Gene Frankel, a well known acting teacher and Off-Broadway director, died on Wednesday, April 20 in Manhattan of heart failure. He was 85.

Frankel began his career as an actor, making a name for himself Off-Broadway in the 1950s and 1960s. By the mid-'50s he was offering writing, acting, and directing classes. He won OBIE awards for his direction of productions of Volpone (in 1957) and Machinal (in 1960).

In 1961, he directed Genet's drama The Blacks at the St. Marks Playhouse with a cast that included James Earl Jones, Cicely Tyson, Roscoe Lee Browne, Louis Gossett Jr., and Maya Angelou. The production ran for more than three years, toured Europe, and won Frankel his third OBIE. Other Off-Broadway shows followed, and Frankel also directed seven Broadway productions between 1961 and 1975, including Once There Was a Russian, A Cry of Players, Indians, The Engagement Baby, The Lincoln Mask, and The Night That Made America Famous.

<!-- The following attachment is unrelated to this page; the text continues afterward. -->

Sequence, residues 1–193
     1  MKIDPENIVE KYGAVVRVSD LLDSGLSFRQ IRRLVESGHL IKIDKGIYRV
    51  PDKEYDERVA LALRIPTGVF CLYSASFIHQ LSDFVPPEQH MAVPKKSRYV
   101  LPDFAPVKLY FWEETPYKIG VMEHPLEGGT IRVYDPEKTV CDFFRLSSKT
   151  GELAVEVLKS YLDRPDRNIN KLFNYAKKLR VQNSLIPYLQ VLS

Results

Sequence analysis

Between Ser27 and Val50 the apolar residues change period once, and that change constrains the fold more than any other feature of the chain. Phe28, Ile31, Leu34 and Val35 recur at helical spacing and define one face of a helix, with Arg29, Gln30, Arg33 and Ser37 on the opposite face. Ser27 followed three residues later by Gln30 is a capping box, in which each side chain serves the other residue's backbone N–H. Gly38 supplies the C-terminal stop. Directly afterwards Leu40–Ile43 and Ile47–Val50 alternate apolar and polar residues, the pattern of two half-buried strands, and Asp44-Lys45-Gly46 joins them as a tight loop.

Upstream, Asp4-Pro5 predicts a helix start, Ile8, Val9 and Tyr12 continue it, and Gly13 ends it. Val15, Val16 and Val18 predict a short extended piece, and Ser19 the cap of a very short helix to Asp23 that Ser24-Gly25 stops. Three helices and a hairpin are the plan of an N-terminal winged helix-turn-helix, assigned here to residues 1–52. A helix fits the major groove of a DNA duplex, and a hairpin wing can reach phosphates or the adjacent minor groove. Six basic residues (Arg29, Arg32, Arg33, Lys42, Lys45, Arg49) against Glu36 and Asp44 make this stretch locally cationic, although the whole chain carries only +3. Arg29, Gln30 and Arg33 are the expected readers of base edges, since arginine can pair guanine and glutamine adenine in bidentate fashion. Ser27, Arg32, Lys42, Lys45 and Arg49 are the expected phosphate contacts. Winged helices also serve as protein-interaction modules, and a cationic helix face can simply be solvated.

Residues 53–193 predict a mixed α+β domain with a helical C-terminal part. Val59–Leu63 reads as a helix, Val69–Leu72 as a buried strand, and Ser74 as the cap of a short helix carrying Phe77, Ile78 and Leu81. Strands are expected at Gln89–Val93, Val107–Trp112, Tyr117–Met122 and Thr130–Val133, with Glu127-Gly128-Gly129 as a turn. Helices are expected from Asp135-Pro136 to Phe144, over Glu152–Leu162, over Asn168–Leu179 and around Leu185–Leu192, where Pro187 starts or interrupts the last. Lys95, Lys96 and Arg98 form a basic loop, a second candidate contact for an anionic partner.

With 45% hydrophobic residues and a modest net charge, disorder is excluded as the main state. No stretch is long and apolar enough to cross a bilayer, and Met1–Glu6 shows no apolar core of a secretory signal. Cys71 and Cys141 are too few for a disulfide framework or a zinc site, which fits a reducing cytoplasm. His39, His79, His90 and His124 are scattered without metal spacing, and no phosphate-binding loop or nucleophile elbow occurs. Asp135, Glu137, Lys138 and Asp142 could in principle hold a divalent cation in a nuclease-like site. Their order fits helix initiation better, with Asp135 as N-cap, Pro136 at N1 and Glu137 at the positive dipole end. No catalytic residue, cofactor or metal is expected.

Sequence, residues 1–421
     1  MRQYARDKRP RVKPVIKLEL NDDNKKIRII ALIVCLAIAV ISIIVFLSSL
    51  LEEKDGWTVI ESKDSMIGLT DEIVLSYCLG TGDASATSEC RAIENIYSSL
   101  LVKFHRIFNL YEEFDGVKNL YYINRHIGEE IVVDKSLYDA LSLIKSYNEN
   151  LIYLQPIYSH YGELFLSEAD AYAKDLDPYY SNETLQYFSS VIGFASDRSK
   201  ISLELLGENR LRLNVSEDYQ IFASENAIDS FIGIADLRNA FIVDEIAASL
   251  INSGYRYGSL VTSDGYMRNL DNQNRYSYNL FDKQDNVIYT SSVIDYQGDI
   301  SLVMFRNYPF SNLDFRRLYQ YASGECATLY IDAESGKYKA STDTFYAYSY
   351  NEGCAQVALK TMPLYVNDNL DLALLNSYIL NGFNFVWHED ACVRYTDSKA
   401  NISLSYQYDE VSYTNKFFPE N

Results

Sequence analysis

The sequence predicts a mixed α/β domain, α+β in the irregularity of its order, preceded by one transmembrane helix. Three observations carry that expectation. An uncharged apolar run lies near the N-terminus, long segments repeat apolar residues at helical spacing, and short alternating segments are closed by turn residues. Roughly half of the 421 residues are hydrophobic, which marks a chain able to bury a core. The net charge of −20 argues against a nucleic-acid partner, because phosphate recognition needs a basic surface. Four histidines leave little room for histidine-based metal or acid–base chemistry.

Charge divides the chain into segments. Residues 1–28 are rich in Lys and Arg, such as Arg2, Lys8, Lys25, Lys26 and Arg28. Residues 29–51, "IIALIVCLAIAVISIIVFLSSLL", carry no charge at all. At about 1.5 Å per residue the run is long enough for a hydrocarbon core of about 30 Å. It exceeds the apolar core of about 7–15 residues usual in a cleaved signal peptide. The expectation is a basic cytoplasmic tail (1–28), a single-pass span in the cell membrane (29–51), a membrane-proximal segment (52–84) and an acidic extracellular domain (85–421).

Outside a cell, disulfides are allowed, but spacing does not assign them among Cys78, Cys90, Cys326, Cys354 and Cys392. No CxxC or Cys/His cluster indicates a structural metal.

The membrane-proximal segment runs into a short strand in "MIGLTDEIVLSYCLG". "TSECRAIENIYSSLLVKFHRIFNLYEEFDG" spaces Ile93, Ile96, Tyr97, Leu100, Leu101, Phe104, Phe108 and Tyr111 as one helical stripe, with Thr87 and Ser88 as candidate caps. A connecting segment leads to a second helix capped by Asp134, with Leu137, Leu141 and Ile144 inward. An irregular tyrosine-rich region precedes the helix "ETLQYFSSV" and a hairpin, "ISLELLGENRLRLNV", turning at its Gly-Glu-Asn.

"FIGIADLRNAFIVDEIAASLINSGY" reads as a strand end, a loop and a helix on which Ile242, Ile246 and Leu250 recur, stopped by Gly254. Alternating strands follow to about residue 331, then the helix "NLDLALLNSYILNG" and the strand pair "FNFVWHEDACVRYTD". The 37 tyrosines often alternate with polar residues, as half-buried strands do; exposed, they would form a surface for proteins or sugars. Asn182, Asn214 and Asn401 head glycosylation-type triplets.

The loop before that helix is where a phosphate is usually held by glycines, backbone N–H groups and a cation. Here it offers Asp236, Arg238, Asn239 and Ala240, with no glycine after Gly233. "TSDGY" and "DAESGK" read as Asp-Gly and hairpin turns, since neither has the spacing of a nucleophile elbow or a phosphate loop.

Frankel continued to be active with his acting workshop until the end of his life; over the course of his career, he taught such performers as Loretta Swit, Judd Hirsch, Lee Marvin, Rod Steiger, and Morgan Freeman. A theater on Bond Street that is named after Frankel opened in 1988. He is survived by a daughter, Laura Ann Frankel, of Laurel, Maryland.